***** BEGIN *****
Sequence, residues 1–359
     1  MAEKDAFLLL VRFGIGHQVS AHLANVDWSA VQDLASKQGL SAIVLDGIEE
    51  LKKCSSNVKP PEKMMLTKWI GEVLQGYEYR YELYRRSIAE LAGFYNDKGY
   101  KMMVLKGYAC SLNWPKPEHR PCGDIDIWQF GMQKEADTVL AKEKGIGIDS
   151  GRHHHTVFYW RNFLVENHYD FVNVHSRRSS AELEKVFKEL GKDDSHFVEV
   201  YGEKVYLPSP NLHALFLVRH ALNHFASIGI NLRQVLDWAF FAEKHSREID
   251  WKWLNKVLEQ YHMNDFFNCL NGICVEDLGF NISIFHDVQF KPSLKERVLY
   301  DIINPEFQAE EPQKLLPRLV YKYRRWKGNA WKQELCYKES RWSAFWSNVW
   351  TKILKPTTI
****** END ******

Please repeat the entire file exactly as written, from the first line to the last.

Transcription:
Sequence, residues 1–359
     1  MAEKDAFLLL VRFGIGHQVS AHLANVDWSA VQDLASKQGL SAIVLDGIEE
    51  LKKCSSNVKP PEKMMLTKWI GEVLQGYEYR YELYRRSIAE LAGFYNDKGY
   101  KMMVLKGYAC SLNWPKPEHR PCGDIDIWQF GMQKEADTVL AKEKGIGIDS
   151  GRHHHTVFYW RNFLVENHYD FVNVHSRRSS AELEKVFKEL GKDDSHFVEV
   201  YGEKVYLPSP NLHALFLVRH ALNHFASIGI NLRQVLDWAF FAEKHSREID
   251  WKWLNKVLEQ YHMNDFFNCL NGICVEDLGF NISIFHDVQF KPSLKERVLY
   301  DIINPEFQAE EPQKLLPRLV YKYRRWKGNA WKQELCYKES RWSAFWSNVW
   351  TKILKPTTI